This is clear through the wide adoption of robotics and automation across various different industries and, in the age of “smart glasses,” we should expect the very same.
From architecture and interior design to engineering and aerospace, there are so many potential applications for workplace enhancement via eyewear that it become difficult to pin down just a few.
Virtualized workspaces, instantaneous communications, and video sharing, holographic presentations, and showcases as well as various other enhancements both technological and practical.
For a taste of what the future may hold, check out what the clever clogs over at Microsoft are doing with their new HoloLens offering.
By using some of the tech we’ve discussed, they’ve been able to create what appears to be the first step towards the future of smart eyewear and workplace enhancement.
While some may argue that the HoloLens actually represents a headset rather than eyewear, we can still clearly see how this technology, once it is further finessed, will affect the development of wearable tech as a whole.
When smartphones and computers get smaller every year, who’s to say the same won’t be true of all wearable tech?
Check out this video from Microsoft to see just what the HoloLens can do:
Science & Medicine
Eyewear designed to help those in the medical profession do their jobs better is no new invention.
From glasses with built-in magnification to lenses that are coloured a certain way so as to make veins easier to find, there is no shortage of applications for eyewear in science and medicine.
With the implementation of digital HUDs and IoT connectivity, eyewear catering to the science and medicine could become an everyday reality.
Imagine a surgeon that can see your body’s internal layout without the need for invasive surgery, or microbiologists that can observe the behaviour of bacteria without needing a microscope or other magnification device.
With internet-connected smart eyewear, these situations could become everyday occurrences.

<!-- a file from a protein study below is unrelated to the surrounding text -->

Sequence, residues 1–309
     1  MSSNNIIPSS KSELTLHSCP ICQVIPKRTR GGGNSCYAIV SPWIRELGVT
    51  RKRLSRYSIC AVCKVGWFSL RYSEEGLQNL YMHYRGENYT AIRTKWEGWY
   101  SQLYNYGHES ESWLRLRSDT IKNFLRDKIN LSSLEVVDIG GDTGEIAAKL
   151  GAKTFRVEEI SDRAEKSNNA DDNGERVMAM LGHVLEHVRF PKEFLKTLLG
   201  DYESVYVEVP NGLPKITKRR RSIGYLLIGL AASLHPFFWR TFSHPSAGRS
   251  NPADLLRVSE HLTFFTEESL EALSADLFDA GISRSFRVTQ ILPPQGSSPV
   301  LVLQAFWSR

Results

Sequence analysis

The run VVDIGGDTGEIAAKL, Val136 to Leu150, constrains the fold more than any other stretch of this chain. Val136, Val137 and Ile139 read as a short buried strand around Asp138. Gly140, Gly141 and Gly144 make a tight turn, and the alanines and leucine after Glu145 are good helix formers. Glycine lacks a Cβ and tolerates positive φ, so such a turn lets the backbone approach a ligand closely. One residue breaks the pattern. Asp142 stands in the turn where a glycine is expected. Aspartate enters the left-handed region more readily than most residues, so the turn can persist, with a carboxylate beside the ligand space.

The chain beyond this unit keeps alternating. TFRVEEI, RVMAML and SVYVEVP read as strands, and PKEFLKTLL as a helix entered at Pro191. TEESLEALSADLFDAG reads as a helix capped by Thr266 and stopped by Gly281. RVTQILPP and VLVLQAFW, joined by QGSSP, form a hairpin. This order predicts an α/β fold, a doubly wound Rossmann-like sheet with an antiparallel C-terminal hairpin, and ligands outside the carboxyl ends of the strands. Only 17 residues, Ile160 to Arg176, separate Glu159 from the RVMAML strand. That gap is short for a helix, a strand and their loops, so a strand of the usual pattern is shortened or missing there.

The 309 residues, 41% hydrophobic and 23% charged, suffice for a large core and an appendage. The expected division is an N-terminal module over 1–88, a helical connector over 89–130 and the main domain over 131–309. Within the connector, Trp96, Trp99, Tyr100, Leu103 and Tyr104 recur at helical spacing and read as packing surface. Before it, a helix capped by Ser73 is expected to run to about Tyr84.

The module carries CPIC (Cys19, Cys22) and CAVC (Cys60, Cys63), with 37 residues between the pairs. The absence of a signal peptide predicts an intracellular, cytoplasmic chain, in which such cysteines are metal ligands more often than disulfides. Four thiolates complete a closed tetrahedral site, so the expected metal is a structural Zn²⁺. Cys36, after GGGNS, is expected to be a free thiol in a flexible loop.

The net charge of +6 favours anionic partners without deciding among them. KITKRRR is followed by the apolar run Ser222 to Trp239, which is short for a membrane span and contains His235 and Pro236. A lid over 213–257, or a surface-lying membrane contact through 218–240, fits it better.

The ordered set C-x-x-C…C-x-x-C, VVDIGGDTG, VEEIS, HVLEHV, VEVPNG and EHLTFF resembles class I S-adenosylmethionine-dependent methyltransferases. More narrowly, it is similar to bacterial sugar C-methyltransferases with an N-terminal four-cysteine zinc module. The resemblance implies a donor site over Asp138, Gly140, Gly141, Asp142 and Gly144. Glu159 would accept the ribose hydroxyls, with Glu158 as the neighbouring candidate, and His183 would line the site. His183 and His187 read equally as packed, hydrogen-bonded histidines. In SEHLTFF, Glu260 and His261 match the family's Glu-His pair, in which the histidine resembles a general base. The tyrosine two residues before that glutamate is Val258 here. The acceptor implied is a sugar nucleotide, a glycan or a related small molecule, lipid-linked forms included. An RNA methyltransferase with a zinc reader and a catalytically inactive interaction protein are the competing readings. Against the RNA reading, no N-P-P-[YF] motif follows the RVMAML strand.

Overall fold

Even more useful could be the application of smart glasses in medical training.
Cadavers and working models of the body are currently used to train would-be doctors and nurses.
However, how much easier and accessible could that training be if the trainees had information about their current training module live streamed to or recorded by their personal eyewear HUD?
Revision could be done through video and audio playback of previous training sessions while smart eyewear would also allow for instantaneous communication for tutoring and questions, like Skype for your glasses.
Film, TV & Gaming
Film and gaming appear to be where wearable tech seem to be getting the most traction recently.
With various tech suppliers unveiling their latest VR headset and 3D capable offerings, one would be forgiven for thinking that this is where this technology will remain.
However, with 3D films gradually being accepted as more than just a phase, how long will it be until the use of eyewear to enhance film and television experience is even further capitalized on.
3D glasses are one thing, but what if you could watch a film with all its 3D imagery through your own pair of smart specs?
How long will it be until we see eyewear with media server capability whereby films, tv and music can all be streamed directly to your shades and viewed through lens screens or heard through built-in speakers?
If you’re looking for a pair of sunglasses that aren’t so technologically advanced, check out these Savannah S8122 sunglasses:
There are, of course, a plethora of applications for future eyewear that we have not touched upon, however, if we don’t see at least one of the innovations mentioned in this article come about over the next ten years, we’ll be very, very surprised.
So what do you think?
Are there any obvious applications that we’ve missed?
Do you think the rise of smart glasses is inevitable or are you a little more conservative in your estimations?
Sound off and let us know your thoughts in the comments section below.